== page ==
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Island County study claims Navy’s impact is ‘significant’

An economic impact study completed by the Island County Economic Development Council this month shows the impact Whidbey Island Naval Air Station has on area economies.

The base contributed $726 million dollars in salaries to Island County’s economy in 2011 and $15 million to Skagit County’s, according to the study.

The study was requested by in August by Island County Commissioner Jill Johnson.

Johnson presented the data collected during the study to Capt. Mike Nortier, commanding officer of Naval Air Station Whidbey Island during a public event for the Environmental Impact Statement initiated to study the new EA-18G Growler.

With approximately 10,000 employees, NAS Whidbey is four times the size of the next largest employer in Island, San Juan, Skagit and Whatcom counties, according to the EDC report.

“The community of Oak Harbor and all of Island County receive great economic and socio-economic benefit from the Navy’s presence in our community,” Johnson said in a letter addressed to Nortier.

“It also, as part of its role in our nation’s national defense, shares willingly in some of the sacrifice.”

In addition, at 22 percent of Island County’s total population, the concentration of veterans living near the base is three times higher than the national average, the report said.

In 2011, veterans who live in Island County received $44 million in retirement and disability payments. In Skagit County, that amount totaled $28 million.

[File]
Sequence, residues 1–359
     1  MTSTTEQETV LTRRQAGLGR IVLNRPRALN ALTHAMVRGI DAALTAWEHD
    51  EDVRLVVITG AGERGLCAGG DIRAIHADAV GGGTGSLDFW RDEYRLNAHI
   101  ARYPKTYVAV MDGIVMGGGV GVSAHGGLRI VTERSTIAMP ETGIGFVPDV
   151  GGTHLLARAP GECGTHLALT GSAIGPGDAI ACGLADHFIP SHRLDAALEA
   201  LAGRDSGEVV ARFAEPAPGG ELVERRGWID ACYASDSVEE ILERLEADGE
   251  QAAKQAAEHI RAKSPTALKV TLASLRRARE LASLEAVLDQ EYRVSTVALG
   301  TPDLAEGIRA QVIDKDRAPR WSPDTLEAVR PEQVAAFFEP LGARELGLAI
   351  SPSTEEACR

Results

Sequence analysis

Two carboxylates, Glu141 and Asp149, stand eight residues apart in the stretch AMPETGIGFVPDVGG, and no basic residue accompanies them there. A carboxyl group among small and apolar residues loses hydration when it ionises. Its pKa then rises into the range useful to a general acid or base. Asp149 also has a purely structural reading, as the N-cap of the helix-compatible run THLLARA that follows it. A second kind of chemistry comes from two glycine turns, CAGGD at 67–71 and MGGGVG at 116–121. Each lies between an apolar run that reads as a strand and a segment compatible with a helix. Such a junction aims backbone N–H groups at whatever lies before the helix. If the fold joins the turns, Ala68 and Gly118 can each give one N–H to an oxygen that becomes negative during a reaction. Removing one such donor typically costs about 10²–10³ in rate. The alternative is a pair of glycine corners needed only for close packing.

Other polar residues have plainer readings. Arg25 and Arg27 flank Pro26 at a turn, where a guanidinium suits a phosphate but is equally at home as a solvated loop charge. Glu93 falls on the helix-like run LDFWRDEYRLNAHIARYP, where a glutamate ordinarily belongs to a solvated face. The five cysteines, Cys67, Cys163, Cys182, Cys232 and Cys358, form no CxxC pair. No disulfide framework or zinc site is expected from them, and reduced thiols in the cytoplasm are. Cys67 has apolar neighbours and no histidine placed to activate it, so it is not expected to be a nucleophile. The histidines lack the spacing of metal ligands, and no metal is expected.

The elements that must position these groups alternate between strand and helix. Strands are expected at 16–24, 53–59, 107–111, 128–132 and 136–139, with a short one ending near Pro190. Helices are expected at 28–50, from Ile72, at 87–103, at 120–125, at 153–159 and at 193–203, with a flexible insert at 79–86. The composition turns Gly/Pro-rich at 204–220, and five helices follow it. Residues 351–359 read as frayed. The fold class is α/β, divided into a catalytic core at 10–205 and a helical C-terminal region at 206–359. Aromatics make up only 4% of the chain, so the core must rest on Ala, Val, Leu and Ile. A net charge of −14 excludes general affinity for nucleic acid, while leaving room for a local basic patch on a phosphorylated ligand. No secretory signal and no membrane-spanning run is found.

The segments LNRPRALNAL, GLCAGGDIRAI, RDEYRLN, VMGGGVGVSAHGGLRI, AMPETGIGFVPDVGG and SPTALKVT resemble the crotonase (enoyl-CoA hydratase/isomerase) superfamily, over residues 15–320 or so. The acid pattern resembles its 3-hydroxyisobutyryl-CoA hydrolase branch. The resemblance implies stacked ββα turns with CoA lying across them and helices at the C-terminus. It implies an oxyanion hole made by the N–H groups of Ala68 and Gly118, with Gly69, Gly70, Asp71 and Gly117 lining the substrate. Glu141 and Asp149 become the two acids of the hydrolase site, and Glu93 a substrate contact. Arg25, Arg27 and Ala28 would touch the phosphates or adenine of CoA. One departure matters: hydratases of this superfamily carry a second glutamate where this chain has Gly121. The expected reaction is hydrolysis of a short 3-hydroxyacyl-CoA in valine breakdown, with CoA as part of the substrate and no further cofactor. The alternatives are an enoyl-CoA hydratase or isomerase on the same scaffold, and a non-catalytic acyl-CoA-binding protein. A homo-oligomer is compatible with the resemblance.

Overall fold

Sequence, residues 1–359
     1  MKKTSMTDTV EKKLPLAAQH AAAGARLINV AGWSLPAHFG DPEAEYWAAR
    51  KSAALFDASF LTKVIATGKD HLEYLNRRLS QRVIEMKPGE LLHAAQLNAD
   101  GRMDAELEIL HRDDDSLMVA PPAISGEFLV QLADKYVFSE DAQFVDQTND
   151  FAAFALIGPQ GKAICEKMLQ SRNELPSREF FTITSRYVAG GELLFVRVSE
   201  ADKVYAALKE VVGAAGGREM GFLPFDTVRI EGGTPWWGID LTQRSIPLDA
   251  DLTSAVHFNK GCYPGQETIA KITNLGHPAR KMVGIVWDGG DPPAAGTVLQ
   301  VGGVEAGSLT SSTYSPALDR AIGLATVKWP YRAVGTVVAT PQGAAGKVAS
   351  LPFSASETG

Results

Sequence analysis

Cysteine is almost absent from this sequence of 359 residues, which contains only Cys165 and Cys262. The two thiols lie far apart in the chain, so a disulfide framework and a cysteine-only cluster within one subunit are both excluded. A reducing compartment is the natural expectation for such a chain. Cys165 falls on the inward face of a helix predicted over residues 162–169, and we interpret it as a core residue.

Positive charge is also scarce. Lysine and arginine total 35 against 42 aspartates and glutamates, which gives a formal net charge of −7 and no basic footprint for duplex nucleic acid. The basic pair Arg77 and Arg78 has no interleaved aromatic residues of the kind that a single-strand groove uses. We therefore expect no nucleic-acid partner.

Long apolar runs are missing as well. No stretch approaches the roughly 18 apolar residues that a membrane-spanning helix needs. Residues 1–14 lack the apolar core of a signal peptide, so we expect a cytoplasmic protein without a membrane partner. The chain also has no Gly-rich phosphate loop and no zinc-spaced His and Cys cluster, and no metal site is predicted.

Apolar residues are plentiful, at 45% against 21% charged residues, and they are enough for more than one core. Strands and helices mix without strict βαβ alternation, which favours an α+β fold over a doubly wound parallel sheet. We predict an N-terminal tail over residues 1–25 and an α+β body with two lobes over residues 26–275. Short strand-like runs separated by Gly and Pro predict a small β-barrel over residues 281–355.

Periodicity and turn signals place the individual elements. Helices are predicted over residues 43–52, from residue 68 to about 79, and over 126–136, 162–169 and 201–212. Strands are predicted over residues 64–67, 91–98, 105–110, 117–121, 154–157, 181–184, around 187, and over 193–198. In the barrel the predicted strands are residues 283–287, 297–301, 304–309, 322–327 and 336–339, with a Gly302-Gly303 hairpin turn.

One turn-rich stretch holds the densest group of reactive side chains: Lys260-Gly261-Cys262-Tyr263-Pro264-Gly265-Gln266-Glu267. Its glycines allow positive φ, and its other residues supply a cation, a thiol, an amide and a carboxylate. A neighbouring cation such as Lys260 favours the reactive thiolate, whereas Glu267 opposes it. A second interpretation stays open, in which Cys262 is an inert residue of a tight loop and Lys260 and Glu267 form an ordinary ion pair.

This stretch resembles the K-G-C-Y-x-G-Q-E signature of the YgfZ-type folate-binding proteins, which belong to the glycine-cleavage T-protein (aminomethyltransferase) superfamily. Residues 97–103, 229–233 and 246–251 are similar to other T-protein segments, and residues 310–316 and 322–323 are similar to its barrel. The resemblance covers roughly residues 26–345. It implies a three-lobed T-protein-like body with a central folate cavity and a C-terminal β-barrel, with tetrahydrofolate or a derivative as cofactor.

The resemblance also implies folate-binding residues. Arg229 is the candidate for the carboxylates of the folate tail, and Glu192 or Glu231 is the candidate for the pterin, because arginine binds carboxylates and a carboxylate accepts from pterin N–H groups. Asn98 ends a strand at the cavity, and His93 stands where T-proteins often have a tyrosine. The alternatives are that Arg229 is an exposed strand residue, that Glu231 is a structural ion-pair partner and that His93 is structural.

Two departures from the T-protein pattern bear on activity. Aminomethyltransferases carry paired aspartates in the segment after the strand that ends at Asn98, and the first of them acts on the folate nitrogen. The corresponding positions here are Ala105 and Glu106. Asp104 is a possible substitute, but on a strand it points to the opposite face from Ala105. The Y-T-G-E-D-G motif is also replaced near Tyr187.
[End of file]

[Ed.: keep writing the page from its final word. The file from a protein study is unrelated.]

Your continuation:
NAS Whidbey also contributes significantly to education with more than 50 percent of the students in the Oak Harbor School District being military dependents and 13 percent of Skagit Valley College students, according to the EDC report.

The report also found that 50 percent of wages in Island County are paid by the military.

In 2011, the Navy paid $726 million to military members, with $107 million going to federal civilians, and 51 percent of the island’s school children being military dependents.

Island County Commissioner Helen Price Johnson said she thought the study was a “good first step,” but that she didn’t believe the report is comprehensive enough.

“It’s a first draft,” Price Johnson said. “It’s not quite a finished product.”

The commissioner said she wants to see information reflecting any costs associated with the Navy’s presence, as well as comparing sales tax revenue on base to sales tax revenue in the civilian community.

 

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